Lebanon to probe why ammonium nitrate sat for years at Beirut port
It is believed over 2,700 tonnes of ammonium nitrate were bound for Mozambique and then abandoned
Initial investigations into the Beirut port blast indicate years of inaction and negligence over the storage of highly explosive material led to the explosion that killed more than 100 people, an official source familiar with the findings said.
The prime minister and presidency have said that 2,750 tonnes of ammonium nitrate, used in fertilizers and bombs, had been stored for six years at the port without safety measures.
"It is negligence," the official source told Reuters, noting that the issue on storing the material safely had come before several committees and judges and "nothing was done" to order that the material be removed or disposed of.
The source said a fire had started at port warehouse 9 on Tuesday and spread to warehouse 12, where the ammonium nitrate was stored.
Another source close to a port employee said a team that inspected the material six months ago warned it could "blow up all of Beirut" if not removed.
Tuesday's explosion was the most powerful ever suffered by Beirut, a city still scarred by civil war three decades ago and reeling from a deep financial crisis rooted in decades of corruption and economic mismanagement.
On Wednesday, the Lebanese government announced that several port officials were placed under house arrest and that a transparent investigation would take place.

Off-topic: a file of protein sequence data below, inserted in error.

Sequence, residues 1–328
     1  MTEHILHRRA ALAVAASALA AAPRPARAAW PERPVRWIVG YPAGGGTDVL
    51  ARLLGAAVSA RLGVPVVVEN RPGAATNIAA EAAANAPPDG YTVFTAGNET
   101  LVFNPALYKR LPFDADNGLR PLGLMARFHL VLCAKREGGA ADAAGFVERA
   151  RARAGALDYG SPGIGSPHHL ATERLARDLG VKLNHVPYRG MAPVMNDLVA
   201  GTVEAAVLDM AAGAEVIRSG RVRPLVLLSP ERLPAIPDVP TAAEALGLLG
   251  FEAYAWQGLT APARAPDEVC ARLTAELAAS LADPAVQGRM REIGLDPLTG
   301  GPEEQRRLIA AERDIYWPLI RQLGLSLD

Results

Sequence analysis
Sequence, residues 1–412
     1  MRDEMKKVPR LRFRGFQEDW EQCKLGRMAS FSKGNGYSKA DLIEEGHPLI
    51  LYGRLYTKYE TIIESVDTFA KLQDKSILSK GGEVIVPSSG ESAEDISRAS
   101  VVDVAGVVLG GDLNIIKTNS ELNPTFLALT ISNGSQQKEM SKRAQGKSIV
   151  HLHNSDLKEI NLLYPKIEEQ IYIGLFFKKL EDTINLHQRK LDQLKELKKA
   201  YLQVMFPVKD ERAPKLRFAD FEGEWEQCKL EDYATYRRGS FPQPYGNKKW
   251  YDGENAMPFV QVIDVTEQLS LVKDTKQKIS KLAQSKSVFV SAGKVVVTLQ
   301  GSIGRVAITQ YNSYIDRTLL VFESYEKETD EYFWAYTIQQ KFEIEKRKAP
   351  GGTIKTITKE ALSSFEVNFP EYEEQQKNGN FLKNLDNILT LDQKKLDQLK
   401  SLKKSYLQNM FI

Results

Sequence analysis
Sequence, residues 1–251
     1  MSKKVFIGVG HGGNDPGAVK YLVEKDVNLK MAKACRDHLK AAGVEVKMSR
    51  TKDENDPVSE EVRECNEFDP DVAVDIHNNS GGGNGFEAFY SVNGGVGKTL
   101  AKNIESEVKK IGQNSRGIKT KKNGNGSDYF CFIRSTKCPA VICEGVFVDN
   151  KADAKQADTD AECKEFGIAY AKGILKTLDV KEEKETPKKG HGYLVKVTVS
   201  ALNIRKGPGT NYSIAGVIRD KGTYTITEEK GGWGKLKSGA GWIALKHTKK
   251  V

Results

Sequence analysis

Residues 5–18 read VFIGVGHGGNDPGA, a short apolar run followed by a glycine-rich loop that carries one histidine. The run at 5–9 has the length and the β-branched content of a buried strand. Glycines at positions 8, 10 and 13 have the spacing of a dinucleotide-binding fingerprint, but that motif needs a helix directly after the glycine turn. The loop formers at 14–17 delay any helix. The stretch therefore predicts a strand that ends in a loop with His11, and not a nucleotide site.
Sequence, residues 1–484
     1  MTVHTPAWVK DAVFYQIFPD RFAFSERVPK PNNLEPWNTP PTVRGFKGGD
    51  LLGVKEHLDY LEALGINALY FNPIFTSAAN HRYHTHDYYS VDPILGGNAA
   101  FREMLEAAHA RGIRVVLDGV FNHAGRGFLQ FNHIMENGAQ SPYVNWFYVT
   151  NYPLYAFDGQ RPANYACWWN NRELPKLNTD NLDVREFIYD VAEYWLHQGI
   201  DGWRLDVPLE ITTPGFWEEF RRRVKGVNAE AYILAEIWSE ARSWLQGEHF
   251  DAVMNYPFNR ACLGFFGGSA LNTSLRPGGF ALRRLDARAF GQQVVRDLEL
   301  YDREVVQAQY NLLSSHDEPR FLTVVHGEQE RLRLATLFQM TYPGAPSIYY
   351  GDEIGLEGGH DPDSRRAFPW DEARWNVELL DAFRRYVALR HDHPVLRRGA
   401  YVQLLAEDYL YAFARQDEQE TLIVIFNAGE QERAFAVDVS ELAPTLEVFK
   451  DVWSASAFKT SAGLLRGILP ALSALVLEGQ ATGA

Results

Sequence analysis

Calls to remove the material unanswered
The head of the Beirut port and the head of customs both said on Wednesday that several letters were sent to the judiciary asking for the dangerous material be removed, but no action was taken.
Port general manager Hassan Koraytem told OTV the material had been put in a warehouse on a court order. He said they knew then the material was dangerous but "not to this degree."
"We requested that it be re-exported but that did not happen. We leave it to the experts and those concerned to determine why," Badri Daher, director-general of Lebanese Customs, told broadcaster LBCI.
WATCH | Beirut deals with explosion aftermath:
Two documents seen by Reuters showed Lebanese Customs had asked the judiciary in 2016 and 2017 to request that the "concerned maritime agency" re-export or approve the sale of the ammonium nitrate, which had been removed from cargo vessel Rhosus and deposited in warehouse 12, to ensure port safety.
One document cited similar requests in 2014 and 2015.
Former prime minister Saad al-Hariri, whose father, also a former premier, was killed in a large truck bomb attack in 2005 in the capital, called for a foreign role in investigating the blast that "once again killed the heart of Beirut."
"We ask the government … for a transparent judicial and security investigation without compromise, denial or circumventing the truth," he said in a statement.
Shiparrested.com, an industry network dealing with legal cases, said in a 2015 report that the Rhosus, sailing under a Moldovan flag, docked in Beirut in September 2013 when it had technical problems while sailing from Georgia to Mozambique with 2,750 tonnes of ammonium nitrate.
It said that, upon inspection, the vessel was forbidden from sailing and shortly afterward was abandoned by its owners, leading to various creditors coming forward with legal claims.
"Owing to the risks associated with retaining the ammonium nitrate on board the vessel, the port authorities discharged the cargo onto the port's warehouses," it said.